Prior to all of this, I had been regretting how my own practice has waxed and waned and floundered. I had been considering how to generate enthusiasm and commitment. One of the things that had occurred to me (again, very unoriginal but highly useful) was to think about those who have cared for me, both in person and otherwise. Just imagine all of those people who have lived or who are living now who pray for us, or dedicate the merits of their practice to us, or send us their good will in the hope that we will find our way and be well. In this case, referring back to the basic economic model and the concept of reciprocity, we may then feel a debt of gratitude for those who have selflessly offered their genuine concern for our well being. We can include in this group those who have shared their own insight into how we can access such well being and those who have served as inspirational examples of the possibility of such transformation.

On one level, this explains the appeal of and some of the similarity between figures such as Jesus Christ and Amitabha Buddha (Amida), as well as to other conceptualizations of the Ultimate (the Source, the Divine, etc). On a gross level this is gratitude for a gift so amazing and valuable that we can never repay it. This is the most basic view of grace. We cannot really conceive of possessing or deserving our true nature and such deep and abiding calm joy, particularly with a dualistic view of existence and attachment to form (or even to emptiness). So we see it as a mythic (which here is not used as a derogatory synonym for "false") exchange in which a being of infinite compassion has worked and sacrificed to make up for our faults and deficiencies so we can be worthy of what the Dalai Lama refers to as "indestructible happiness".

This also makes sense in that such a relationship assists in developing humility in place of arrogance and confidence in place of insecurity, which appear to be among the necessary changes in perception and attitude for seeing and accepting Buddha-nature (or one of the various other names given to this truth or realization). Through the process of learning to accept such a "gift", it seems to me we would be able to then learn to appreciate and recognize the same fundamental quality in others. Which gives rise to loving-kindness, compassion, sympathetic joy, and equanimity, as Buddha-nature is not a limited resource nor does it "belong" to any particular being. Ideally, though I confess to fall far short of this, our gratitude can be then be extended out to all phenomena and all beings as our teachers and our inspiration, including those that test us and permit us to deepen our practice and affirm our true nature.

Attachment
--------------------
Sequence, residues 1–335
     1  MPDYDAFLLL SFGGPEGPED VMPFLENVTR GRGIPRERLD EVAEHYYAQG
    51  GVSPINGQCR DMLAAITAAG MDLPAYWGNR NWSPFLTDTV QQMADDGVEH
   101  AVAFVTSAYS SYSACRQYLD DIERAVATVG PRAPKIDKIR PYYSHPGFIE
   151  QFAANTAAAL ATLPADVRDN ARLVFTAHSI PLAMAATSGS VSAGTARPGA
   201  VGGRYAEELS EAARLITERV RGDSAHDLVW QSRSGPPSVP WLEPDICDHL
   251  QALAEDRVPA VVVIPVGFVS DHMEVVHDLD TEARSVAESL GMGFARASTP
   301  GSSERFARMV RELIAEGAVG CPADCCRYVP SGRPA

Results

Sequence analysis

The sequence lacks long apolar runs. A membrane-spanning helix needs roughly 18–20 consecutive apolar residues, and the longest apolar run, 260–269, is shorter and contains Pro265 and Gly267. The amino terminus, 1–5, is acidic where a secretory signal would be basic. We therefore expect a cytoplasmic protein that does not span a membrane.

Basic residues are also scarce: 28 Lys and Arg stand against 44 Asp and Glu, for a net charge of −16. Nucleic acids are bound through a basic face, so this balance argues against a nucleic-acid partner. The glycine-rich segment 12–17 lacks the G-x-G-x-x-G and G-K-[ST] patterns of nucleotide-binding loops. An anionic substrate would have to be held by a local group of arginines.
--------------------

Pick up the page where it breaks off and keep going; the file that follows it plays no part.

Speaking of gratitude, has some resources you may find beneficial, such as a quote of the day about as well as a light a candle section.



  1. What a great blog! Thank you so much for putting all of your insights and musings down so eloquently. I have only had a little while to wander through your site, but find it to be very encouraging and inspiring. There is nothing more important for me than asking the question, "Ok, but what is the point?!" So thank you for forcing that question, for asking it and for drawing that question out of others.

    So many good insights from your blog, that I felt like writing them all down, especially the "way of water" quote. If I can remember that during my day, that will help me a great deal.

    Thank you thank you thank you.


  2. The best part, in my humble opinion, is that inspiration does not come from the words or actions of others, but from our response to such events by a part of us that is discovered or reaffirmed. I try to take compliments such as yours as more of a sign of the depth and maturity of the person making the comment than any particular insight I might possess, and in fact others always seem to find much more wisdom or inspiration by reading my blog than I do, which confirms such a view. Thank you for sharing. I peeked at your blog, and it put together well (and reads as being very heartfelt).

  3. [PS - the specific things allie mentioned are quoted from other sources, which means that I chose to put them up here because something "in" me was touched by them as well.]